By: KDKA-TV News Staff

PITTSBURGH (KDKA) – At noon on Wednesday, January 20, 2021, it will yet another chapter in American history when Joe Biden is sworn in as the 46th President of the United States and Kamala Harris becomes the first woman Vice President of the United States.

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University of Pittsburgh professor of political science Kristin Kanthak joined “Your Day Pittsburgh” to discuss Inauguration Day, the history of the day, and its impact.

WATCH: Interview With University of Pittsburgh Political Science Professor Kristin Kanthak

Kanthak described Inauguration Day as similar to Christmas for political scientists, especially with the United States poised to swear in its first woman vice president.

“This is a big deal,” she said. “Even besides that, inaugurations matter. This is a time when our laws tell us what happens next. It does not matter what you, or I, or anyone else wants – there’s going to be an inauguration today. We’re going to inaugurate a president on January 20.”

However, 2021 will bring a different kind of inauguration due to the pandemic, and the outgoing president, Donald Trump will not attend, which has only happened a couple of times in the past.

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“It’s happened a couple of times before, but really only a handful,” Kanthak explained. “We generally think that part of the process of going through an inauguration is to have the incumbent president there to sort of handoff power, so it is unusual not to have the president there and it’s a little tricky logistically to not have him there.”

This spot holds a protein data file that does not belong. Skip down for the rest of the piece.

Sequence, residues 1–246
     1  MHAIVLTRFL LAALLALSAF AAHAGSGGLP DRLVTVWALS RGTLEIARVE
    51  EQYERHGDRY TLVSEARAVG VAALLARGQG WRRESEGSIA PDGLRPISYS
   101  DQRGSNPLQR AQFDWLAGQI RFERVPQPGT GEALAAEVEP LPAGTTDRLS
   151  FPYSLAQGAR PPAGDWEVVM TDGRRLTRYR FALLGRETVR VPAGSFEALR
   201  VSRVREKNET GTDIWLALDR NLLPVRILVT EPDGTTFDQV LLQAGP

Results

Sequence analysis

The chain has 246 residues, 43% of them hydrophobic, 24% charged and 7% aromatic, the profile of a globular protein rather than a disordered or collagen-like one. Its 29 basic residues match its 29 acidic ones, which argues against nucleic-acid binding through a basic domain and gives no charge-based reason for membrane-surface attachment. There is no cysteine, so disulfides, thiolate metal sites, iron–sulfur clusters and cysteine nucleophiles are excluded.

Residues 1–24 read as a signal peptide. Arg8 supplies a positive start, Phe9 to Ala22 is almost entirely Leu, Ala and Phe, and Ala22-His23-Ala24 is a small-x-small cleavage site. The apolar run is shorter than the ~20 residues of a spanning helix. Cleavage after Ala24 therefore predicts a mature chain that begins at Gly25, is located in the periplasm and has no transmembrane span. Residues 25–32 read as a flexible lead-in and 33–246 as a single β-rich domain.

Once Inauguration Day comes, the outgoing president usually leaves a note for the incoming president somewhere in the Resolute Desk inside the Oval Office.

Will President Trump continue this tradition for President-Elect Joe Biden?

“I would love to know,” Kanthak said. “When Donald Trump entered the White House, Barack Obama left a note for him and Trump talked about it a lot. It made an impression on him. The most famous recent note was the note that George H.W. Bush left after he lost his re-election effort and left a generous note to the incoming president, President Clinton, wishing him well and that’s usually what we see at an inauguration.”

The transition of power and ceremony that takes place on January 20, is usually a moment of unity and not partisanship.

“It’s just a big party,” Kanthak said.

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At noon today, Supreme Court Chief Justice John Roberts will swear in Joseph Robinette Biden the 46th President of the United States.

Heather Abraham